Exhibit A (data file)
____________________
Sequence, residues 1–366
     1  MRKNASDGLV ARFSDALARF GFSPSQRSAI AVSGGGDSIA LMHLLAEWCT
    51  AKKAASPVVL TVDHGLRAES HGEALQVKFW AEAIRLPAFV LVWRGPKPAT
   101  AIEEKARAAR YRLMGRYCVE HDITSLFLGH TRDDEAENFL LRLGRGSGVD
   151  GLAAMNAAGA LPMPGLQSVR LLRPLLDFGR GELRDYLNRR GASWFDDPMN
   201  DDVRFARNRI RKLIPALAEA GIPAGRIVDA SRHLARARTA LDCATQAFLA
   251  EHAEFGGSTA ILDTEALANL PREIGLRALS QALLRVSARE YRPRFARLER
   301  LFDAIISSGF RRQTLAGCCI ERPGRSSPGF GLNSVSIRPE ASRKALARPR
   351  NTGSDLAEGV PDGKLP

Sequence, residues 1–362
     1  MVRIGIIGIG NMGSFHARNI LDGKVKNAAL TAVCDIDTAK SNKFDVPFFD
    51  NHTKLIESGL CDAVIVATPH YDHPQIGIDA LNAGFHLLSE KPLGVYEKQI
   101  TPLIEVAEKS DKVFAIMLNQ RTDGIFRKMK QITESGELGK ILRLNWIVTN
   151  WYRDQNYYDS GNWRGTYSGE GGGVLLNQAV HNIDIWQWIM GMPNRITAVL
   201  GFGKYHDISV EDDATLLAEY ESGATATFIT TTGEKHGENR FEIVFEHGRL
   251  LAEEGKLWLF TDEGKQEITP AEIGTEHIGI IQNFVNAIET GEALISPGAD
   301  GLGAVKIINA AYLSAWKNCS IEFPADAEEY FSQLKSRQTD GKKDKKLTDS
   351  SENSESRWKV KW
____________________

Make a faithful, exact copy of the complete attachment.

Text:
Sequence, residues 1–366
     1  MRKNASDGLV ARFSDALARF GFSPSQRSAI AVSGGGDSIA LMHLLAEWCT
    51  AKKAASPVVL TVDHGLRAES HGEALQVKFW AEAIRLPAFV LVWRGPKPAT
   101  AIEEKARAAR YRLMGRYCVE HDITSLFLGH TRDDEAENFL LRLGRGSGVD
   151  GLAAMNAAGA LPMPGLQSVR LLRPLLDFGR GELRDYLNRR GASWFDDPMN
   201  DDVRFARNRI RKLIPALAEA GIPAGRIVDA SRHLARARTA LDCATQAFLA
   251  EHAEFGGSTA ILDTEALANL PREIGLRALS QALLRVSARE YRPRFARLER
   301  LFDAIISSGF RRQTLAGCCI ERPGRSSPGF GLNSVSIRPE ASRKALARPR
   351  NTGSDLAEGV PDGKLP

Sequence, residues 1–362
     1  MVRIGIIGIG NMGSFHARNI LDGKVKNAAL TAVCDIDTAK SNKFDVPFFD
    51  NHTKLIESGL CDAVIVATPH YDHPQIGIDA LNAGFHLLSE KPLGVYEKQI
   101  TPLIEVAEKS DKVFAIMLNQ RTDGIFRKMK QITESGELGK ILRLNWIVTN
   151  WYRDQNYYDS GNWRGTYSGE GGGVLLNQAV HNIDIWQWIM GMPNRITAVL
   201  GFGKYHDISV EDDATLLAEY ESGATATFIT TTGEKHGENR FEIVFEHGRL
   251  LAEEGKLWLF TDEGKQEITP AEIGTEHIGI IQNFVNAIET GEALISPGAD
   301  GLGAVKIINA AYLSAWKNCS IEFPADAEEY FSQLKSRQTD GKKDKKLTDS
   351  SENSESRWKV KW